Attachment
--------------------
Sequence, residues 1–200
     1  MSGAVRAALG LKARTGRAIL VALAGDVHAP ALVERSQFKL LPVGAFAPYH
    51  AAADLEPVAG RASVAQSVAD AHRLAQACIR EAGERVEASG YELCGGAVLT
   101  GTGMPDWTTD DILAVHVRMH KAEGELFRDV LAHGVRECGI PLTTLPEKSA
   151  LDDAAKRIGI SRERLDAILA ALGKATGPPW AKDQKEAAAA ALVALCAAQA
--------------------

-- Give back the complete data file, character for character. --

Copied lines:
Sequence, residues 1–200
     1  MSGAVRAALG LKARTGRAIL VALAGDVHAP ALVERSQFKL LPVGAFAPYH
    51  AAADLEPVAG RASVAQSVAD AHRLAQACIR EAGERVEASG YELCGGAVLT
   101  GTGMPDWTTD DILAVHVRMH KAEGELFRDV LAHGVRECGI PLTTLPEKSA
   151  LDDAAKRIGI SRERLDAILA ALGKATGPPW AKDQKEAAAA ALVALCAAQA